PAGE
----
Spotlight: Rural Practice on Jura

Over the next few months we hope to feature a number of spotlights on current rural GPs across Scotland.  Dr Martin Beastall works on Jura with his wife Dr Abby…

Life and Work on the Isles of Islay & Jura: Living the Remote and Rural Dream

Who are we?

Jura Medical Practice consists of a husband and wife GP team – myself (Dr Martin Beastall (42)) and Dr Abby Beastall (36). I am responsible for the running of the Surgery on Jura and Dr Abby works mainly at the Bowmore Surgery on Islay, and does one session per week on Jura. Between us, we are also responsible for out of hours care on Jura 24 hours per day, 7 days per week. We came to Jura just over 5 years ago having both worked in and around the Doncaster area in England for a similar length of time. We were both looking for a change, an adventure, and having both worked in large urban Practices, a chance to reconnect with our patients and make a real difference to their lives. We met on the Doncaster GP training scheme in 2005. I had changed from Surgical training, whereas Abby had always intended to train as a GP. Between us, we have a varied mix of skills, perfect for the challenges that Remote & Rural Medicine brings.

Where are we? 

Jura is a large island of approximately 400 square kilometres in the Southern Hebrides, situated to the north east of Islay. Jura has a tiny population (under 250), whereas Islay’s community numbers just over 3000. We are situated directly west of Glasgow as the crow flies. An ill patient can be transported by helicopter to Glasgow in under 30 minutes, whereas a journey by car requires two ferries and takes most of a day to complete.

Why are you there?

Rural General practice brings with it many challenges but also great rewards. We have the opportunity to genuinely provide ‘cradle to grave’ medical care and to be an integral part of our patients’ lives. We are a small but thriving community on Jura. We believe having medical services here is essential for the continued growth and stability of our community and that without continuity and stability, the future of the community overall would be threatened.

Who is our patient population?

The population of Jura matches the overall Scottish demographic, just in miniature. Every age group is represented and the care we provide ranges from baby vaccinations to very personal palliative care for those coming to the end of their lives.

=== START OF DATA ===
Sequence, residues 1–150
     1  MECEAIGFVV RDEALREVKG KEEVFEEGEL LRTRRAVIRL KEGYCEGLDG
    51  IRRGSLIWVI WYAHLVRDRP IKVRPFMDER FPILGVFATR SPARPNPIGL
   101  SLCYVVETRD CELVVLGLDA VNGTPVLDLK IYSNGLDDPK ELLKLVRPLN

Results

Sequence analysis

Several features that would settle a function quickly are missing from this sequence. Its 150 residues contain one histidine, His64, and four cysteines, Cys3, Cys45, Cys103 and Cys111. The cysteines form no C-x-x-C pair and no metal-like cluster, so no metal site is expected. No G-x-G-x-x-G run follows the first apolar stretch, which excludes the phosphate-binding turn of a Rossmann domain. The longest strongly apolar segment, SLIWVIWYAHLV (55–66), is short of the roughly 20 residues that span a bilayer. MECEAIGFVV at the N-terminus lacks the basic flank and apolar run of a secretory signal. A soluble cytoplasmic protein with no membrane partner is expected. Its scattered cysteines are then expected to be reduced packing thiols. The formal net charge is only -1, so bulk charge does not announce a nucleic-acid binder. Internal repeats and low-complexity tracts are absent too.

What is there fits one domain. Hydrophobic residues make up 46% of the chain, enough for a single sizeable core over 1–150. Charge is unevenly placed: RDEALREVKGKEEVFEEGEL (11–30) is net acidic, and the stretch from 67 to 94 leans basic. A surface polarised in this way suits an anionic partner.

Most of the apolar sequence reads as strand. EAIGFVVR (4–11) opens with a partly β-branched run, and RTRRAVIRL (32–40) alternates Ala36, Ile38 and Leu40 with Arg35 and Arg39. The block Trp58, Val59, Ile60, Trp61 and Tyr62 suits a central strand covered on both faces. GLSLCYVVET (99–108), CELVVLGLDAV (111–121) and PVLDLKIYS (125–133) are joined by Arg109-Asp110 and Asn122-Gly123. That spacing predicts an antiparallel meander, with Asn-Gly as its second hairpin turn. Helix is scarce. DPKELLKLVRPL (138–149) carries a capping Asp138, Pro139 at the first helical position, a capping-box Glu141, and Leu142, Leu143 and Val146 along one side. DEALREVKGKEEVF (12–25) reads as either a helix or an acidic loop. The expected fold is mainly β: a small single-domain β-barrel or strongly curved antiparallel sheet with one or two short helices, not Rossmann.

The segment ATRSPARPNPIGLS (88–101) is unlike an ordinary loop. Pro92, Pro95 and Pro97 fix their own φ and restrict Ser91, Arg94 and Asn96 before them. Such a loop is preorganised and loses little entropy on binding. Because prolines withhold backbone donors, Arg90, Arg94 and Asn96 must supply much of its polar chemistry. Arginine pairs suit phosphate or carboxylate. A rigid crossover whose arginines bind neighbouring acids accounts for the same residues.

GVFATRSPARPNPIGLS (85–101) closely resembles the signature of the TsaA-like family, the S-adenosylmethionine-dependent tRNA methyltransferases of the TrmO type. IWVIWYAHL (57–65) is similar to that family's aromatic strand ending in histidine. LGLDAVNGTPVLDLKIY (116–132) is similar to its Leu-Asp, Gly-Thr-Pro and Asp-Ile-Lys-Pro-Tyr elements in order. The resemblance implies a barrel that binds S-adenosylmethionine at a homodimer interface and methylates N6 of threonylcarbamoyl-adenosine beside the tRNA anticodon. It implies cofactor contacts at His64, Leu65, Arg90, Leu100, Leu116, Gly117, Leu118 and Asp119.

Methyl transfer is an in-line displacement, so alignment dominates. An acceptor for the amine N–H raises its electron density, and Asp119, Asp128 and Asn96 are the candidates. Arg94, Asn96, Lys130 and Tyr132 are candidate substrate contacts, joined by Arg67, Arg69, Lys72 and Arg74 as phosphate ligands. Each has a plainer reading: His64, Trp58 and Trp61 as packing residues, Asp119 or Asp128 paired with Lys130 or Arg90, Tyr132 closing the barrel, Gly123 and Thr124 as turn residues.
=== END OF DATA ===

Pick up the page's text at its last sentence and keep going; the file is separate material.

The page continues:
Who do you work with locally?

Being the GP on Jura means being the Doctor, Practice Nurse, Phlebotomist, Health Care Assistant, Paramedic and Pre-Hospital Responder all in one. Flexibility and a willingness to attempt almost any task asked of you is key here. We are lucky to have a dedicated team of carers and District Nurses on the island, and are well supported by allied health professionals based on Islay also. Emergencies are dealt with locally when possible, but a comprehensive support structure exists regionally to provide help ranging from helicopter transport to full blown medical retrieval teams when required.

What is it like having 24 hour a day responsibility for your patients’ health and wellbeing?

Being ready and available 24/7 can be hard psychologically. Patients have direct access to their GP here (rather than using a service such as NHS24) which has its pros and cons. Being able to deal with things locally is very satisfying but it can be hard sometimes to demonstrate to the wider world the time and money saved by avoiding transferring patients elsewhere.

What impact have the new GP contract negotiations had on you?

We have both been very grateful for the efforts made by the RGPAS on our behalf. We feel that as rural GPs we are very much an afterthought. Issues such as the provision of out of hours cover after April 1st 2018 have been very unclear. This has had a destabilising effect on us, exactly the opposite of the stated intended effect of the new contract.

What challenges do you face engaging in the political process?

Being geographically remote and (due to childcare issues) essentially single handed means attending meetings is very difficult given the 24/7 responsibility for patient care. Video conferencing and webcasting still seems the exception rather than the norm. It is easy to feel out on a limb here.

What are your thoughts regarding your future? 

We both remain positive about our futures living on Islay and Jura. We cannot imagine a better community to live in and raise our daughter in, and are hopeful that the new GP contract will enable us to continue to provide the high level of medical care we have done for the last five years for the foreseeable future.

Photos by Martin and Abby.
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